Wenceslas Square – Prague

wenceslas square
Wenceslas Monument and Prague’s National Museum on a silhouette

Careful calculation of time is a must when travelling, especially when visiting famous landmarks and places. I say that because when we visited Prague’s Wenceslas square, it was a lovely morning but the sun was on that part casting shadows, thus, our silhouette photos.

The square is part of the city centre recognized by UNESCO as a World Heritage site. The plaza has a very rich history having witnessed a number of demonstrations and gatherings. For one, it was in front of the Wenceslas monument where Alois Jirasek, Czech writer and Nobel Prize in Literature nominee, proclaimed the independence of Czechoslovakia in 1918.

wenceslas square
city square

The square is lined up with many different establishments – we unfortunately didn’t go down further to take photos but the entire strip is composed of hotels, food establishments, offices and shops. What is most notable is the National Museum, designed by Czech architect Josef Schulz. Looking at it, the neoclassical make of the building resembles Vienna’s own twin museums of Natural history and Art history. As mentioned above, timing is a good thing to consider…we came earlier than 8 in the morning, we weren’t able to peak inside the museum – still closed – and so we missed seeing the collection of artifacts on display.

nationalmuseum
National Museum

Another installation worth mentioning when visiting the square is the monument of the saint it was named after; Saint Wenceslas, mounted on a horse; the patron saint of Bohemia. The monument was sculpted by Josef Václav Myslbek in 1887–1924. There are a number statues surrounding Saint Wenceslas representing other saints (St. Adalbert, St. Ludmila, St. Prokop and St. Agnes of Bohemia). Pardon, I don’t have a photo of his supposed face in a good angle. :/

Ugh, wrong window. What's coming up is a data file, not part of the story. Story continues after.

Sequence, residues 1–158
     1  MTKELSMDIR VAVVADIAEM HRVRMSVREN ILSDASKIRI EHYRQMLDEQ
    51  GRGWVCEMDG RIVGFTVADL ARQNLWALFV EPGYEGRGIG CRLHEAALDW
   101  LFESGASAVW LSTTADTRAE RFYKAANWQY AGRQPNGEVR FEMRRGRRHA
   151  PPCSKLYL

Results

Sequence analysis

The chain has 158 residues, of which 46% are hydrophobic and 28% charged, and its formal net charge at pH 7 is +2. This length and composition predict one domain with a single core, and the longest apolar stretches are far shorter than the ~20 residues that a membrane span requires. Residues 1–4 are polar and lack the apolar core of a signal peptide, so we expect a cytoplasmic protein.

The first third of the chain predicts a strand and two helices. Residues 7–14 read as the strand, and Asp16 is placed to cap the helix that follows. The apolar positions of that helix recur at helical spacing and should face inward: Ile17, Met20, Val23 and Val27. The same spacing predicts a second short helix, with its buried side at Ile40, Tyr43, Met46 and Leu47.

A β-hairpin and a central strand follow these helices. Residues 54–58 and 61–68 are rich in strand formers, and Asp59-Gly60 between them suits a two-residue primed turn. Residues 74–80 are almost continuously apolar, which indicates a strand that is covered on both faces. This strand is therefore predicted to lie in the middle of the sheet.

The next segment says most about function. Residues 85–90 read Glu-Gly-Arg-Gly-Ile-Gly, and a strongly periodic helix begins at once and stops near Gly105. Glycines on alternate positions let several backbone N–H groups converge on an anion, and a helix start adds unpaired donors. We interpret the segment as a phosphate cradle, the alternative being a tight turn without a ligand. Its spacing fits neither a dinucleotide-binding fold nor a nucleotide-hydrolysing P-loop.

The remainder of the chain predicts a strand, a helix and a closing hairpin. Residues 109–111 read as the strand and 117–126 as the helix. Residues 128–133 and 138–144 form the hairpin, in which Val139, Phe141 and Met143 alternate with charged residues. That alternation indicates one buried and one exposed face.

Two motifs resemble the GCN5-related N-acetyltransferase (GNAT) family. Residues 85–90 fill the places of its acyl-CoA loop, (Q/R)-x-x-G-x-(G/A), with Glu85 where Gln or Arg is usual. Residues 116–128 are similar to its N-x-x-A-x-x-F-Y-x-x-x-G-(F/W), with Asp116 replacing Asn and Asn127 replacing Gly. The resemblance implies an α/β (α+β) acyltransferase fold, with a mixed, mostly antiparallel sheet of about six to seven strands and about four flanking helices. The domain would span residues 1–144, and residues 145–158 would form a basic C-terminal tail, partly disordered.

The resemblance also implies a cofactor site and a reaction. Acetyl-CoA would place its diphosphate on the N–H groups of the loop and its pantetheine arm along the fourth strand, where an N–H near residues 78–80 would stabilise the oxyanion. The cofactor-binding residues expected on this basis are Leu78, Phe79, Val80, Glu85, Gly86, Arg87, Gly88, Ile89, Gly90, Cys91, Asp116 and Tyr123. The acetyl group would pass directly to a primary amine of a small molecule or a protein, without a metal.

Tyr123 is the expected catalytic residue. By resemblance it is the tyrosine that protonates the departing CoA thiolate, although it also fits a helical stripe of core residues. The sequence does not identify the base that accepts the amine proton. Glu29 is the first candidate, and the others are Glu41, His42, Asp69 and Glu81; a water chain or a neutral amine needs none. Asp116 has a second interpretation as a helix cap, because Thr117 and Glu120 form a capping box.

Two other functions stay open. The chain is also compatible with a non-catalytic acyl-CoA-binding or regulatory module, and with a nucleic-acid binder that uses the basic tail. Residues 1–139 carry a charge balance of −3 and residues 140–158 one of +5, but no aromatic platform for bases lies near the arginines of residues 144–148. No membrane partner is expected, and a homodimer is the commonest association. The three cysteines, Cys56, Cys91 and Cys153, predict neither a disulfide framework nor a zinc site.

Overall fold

wenceslas square
brighter
muzeum station  prague
Train station near the square.

Petrin Lookout Tower in Prague

morning in prague
Sunny morning

On our last day in Prague, hubby and I got some “we” time as we went to see the Petrin lookout Tower and view Prague, its spires and charms under the basking sun from above. The kids not being with us, were left to swim at the hotel with their grandmom,  it doesn’t happen too often. It was not like the other landmarks in Prague we saw which were a stone’s throw away from the hotel. We had to hop from a tram to another and walk uphill to reach the observation deck.  There’s actually a funicular (cliff railway) that can take visitors up easily but yes, we did it the hard way.

Going to the tower by foot means a bit of trekking for us. There’s a path on the hill that has been considerately made for those wanting to see the tower with a bit of adventure…or sweat. The hill was full of mini-fruit trees – apples and oranges on its slope.

ninethirty, hill
Hill to the tower, it’s 9:30 am.

Halfway through the hill, there’s a bit of clearing with some benches were one can rest and partially enjoy the view of the city of spires. Hubby and I took that chance to replenish ourselves, we realized that biking over the weekend and playing basketball and tennis at times helped in building our stamina. We took some shots but we were against the light, hence, we ended up with not so flattering photos.

The sun was surely sunny that morning but the wind was intimidating too, we walked up with our cardigans still. The trek was a curious one as you can easily clear paths and then there’s the stairs. I can’t clearly remember if the stairs stretch down to the foot of the hill or if it starts from where we found it. :/ But it would definitely have been easier to go up there than on pure soil. lols.

morning prague
Path for cars, bikes and runners as well.
spires view prague petrin
Sun’s out